Is Onboard Wi-Fi Safe?

From takeoff to landing, the U.S. Federal Aviation Administration and its counterpart in the European Union have cleared the use of computers and mobile devices, though flyers will still be prohibited from using onboard Wi-Fi and from sending and receiving text messages, calls, and emails during takeoff and landing.


Obviously, once in the air, travelers have for some time been allowed to connect to onboard Wi-Fi networks. It is likely however that this relaxing of rules will spur more people to connect to those networks than currently do, causing us to wonder, how safe is in-air Wi-Fi in the first place?

One of the first things I remember learning about Internet security is that you never, ever connect to an airport wireless network. At this point, I feel like most remotely cautious Internet users are aware of the dangers of airport Wi-Fi. So, if Airport Wi-Fi is so toxic, then why would airline Wi-Fi be any less so?

Simply connecting to Wi-Fi in the air can expose your communications to badly motivated passengers that are situated close to you.

We reached out to Kaspersky Lab’s principle security researcher, Kurt Baumgartner, to see what he thought about the danger’s of onboard Wi-Fi.

He had the following to say:

A variety of possible security challenges present themselves with Wi-Fi itself. There are many current attack techniques for Wi-Fi access points and in turn all of the devices connecting to them, so simply connecting to Wi-Fi in the air can expose your communications to badly motivated passengers that are situated close to you.

And knowing that not all of these devices can be immediately upgraded by the airlines as inevitable vulnerabilities are discovered, there may be extended periods of time with vulnerable software and devices maintained on planes. It’s not always easy for airlines to quickly upgrade software and hardware as needed on planes in between flights.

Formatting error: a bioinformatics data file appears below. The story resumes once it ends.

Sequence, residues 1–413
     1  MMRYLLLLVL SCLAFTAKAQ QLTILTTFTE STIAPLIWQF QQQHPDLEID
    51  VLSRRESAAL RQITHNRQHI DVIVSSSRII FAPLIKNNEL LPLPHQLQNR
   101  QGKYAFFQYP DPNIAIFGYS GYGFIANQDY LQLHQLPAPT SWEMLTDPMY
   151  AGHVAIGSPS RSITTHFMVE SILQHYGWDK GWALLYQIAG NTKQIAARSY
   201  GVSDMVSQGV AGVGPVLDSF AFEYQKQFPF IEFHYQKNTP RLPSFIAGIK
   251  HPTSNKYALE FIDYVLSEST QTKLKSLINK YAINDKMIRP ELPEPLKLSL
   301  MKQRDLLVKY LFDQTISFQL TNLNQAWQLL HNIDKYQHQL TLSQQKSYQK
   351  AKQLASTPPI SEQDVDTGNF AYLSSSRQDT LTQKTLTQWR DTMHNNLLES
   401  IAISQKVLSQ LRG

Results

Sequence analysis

And just as with the USB jacks on some airlines, some of these networks may not be designed with proper separation of resources, enabling disruptions for the entertainment systems, in what the attendants are communicating, or more.

I think we can all agree that the in-flight prohibitions on electronic devices are at least little bit ridiculous, annoying, and inconvenient. In general however, wireless- and Bluetooth-based attacks are significantly easier to perform when an attacker is close to his target.

More concerning perhaps is that there are a lot of smart people out there. I’m talking about the researchers we cover here and other people cover on sites similar to this one every day. The guys that present at Black Hat and other prominent security conferences. These guys can hack cars. They hack embedded medical devices. I’ve written at least one report about hacking commercial airplanes.

All of these attacks are remote, but only from a close distance, like, I don’t know, from the first class cabin to the cockpit (as if flying through the air weren’t terrifying enough!). But seriously, passengers have been allowed to use onboard Wi-Fi for years. It’s probably smartest to focus on concerning yourself with preventing malware infections and other attacks, because those are what you are most likely to face as airlines become more electronics-friendly.

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